I know it probably sounds contradictory since I’m a shopper insights specialist. But like many shoppers I’ve interviewed through shop-alongs, focus groups, and quant studies over the years — those with and without kids, full-time jobs or not – I consider grocery shopping a chore.
- Create meal plan — CREATIVE
- Search for new recipes (and cuisines) to try – FUN
- Make a shopping list including non-food items needed – RELATIVELY PAINLESS
- Figure out where I need to go and hit the road – JUST PLAIN ‘UGH’
Problem is, this is never a one-stop shopping experience.
In a typical week, my itinerary might look something like this…
– Costco for personal care/household supplies and stocking up on a good deal (Where else can you buy three racks of ribs for $35?)
– Whole Foods or farmer’s market for organic fresh produce, meat/poultry, eggs and dairy
– Roundy’s for fresh baked bread, condiments, and baking supplies
So, in order to complete my mission, I need to shop FOUR different stores. Bottom line is, it’s inconvenient and time consuming.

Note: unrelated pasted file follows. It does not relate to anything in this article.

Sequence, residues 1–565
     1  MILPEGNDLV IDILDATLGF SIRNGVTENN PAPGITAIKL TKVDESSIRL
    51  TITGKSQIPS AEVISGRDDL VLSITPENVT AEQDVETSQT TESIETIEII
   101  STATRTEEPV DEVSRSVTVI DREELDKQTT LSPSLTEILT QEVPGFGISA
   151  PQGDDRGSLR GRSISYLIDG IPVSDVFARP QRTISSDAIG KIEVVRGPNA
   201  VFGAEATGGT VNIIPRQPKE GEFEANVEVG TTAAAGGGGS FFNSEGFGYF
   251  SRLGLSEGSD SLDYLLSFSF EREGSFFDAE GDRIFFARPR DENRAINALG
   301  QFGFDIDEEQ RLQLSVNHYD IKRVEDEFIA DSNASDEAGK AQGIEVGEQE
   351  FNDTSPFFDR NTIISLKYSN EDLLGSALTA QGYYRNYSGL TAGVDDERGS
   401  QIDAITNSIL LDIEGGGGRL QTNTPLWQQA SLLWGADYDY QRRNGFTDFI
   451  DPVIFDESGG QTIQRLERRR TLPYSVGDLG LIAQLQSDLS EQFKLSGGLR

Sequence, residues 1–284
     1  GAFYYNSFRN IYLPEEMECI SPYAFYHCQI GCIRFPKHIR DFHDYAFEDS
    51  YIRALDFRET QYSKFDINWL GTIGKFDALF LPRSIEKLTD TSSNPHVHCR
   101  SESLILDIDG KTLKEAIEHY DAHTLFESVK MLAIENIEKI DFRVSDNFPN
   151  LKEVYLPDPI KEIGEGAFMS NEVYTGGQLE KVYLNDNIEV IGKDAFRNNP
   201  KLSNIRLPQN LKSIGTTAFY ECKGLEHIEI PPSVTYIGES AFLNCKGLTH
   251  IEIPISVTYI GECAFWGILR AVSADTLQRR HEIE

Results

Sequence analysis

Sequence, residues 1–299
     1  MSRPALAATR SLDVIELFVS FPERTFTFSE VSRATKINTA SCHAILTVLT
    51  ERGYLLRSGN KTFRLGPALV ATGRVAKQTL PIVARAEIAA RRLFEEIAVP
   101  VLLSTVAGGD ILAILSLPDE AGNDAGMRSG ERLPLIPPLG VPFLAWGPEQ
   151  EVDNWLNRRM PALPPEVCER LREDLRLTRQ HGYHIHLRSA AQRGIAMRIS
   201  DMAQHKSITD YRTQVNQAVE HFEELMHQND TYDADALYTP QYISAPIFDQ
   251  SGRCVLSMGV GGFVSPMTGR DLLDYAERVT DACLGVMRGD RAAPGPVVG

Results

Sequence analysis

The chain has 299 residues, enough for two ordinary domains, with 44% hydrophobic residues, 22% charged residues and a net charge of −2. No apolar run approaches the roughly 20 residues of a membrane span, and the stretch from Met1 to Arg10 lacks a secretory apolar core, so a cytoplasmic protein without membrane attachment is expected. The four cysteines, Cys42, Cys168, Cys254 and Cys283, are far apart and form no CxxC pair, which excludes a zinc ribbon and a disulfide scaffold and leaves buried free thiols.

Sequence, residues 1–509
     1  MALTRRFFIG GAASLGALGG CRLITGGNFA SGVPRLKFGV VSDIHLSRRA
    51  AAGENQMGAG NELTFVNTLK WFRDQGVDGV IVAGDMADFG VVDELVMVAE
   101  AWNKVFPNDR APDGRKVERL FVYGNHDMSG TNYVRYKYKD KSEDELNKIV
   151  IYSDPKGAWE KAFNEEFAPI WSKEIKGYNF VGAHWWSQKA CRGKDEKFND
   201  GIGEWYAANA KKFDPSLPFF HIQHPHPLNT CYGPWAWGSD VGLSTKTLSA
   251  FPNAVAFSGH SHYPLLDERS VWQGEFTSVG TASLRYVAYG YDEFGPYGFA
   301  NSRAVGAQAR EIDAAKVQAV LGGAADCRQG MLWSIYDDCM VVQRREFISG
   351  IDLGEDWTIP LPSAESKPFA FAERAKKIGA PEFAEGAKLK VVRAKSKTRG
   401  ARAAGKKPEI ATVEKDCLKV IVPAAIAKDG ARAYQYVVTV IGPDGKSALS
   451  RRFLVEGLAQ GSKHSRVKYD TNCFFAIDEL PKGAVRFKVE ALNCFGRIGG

There is, however, one exception – a visit that seems ‘fun’ every time.
I visit Trader Joe’s knowing exactly what I need to buy. Yet I still find something new that grabs my attention, causes me to linger and often results in an unexpected purchase.
All I have to do is spend a minute looking at something when an employee appears to offer their assistance. This usually leads to my asking a question like, “Have you tried these black bean quinoa chips?”
Then they’ll open the package and offer me a sample. YUM! I’ve just found my new snack.
In a store filled with ‘private label’ products, they sure know how to make shopping an adventure for me, every time. And I find myself talking about my Trader Joe’s visits a lot. (I can’t tell you how many people I’ve turned into “cookie butter fans.”)
Given my positive experiences at Trader Joe’s, I wonder…how can my other “chore stores” transform me into a curious and engaged shopper?
According to Doug Rauch, former President of Trader Joe’s, companies should focus on culture and then build a strategy.
“Culture is the DNA of a company. A successful company culture includes living the company’s core values and offering a consistent experience.”
This starts with happy employees. Happy employees feel valued, embrace your company’s core beliefs and are enthusiastic about their job. This translates to happy customers.
- Train employees to recognize and address shoppers’ needs and preferences
- Give them the freedom to make product recommendations and offer samples
- Encourage them to create a dialogue with customers that provides an ongoing source of feedback for improvements/innovation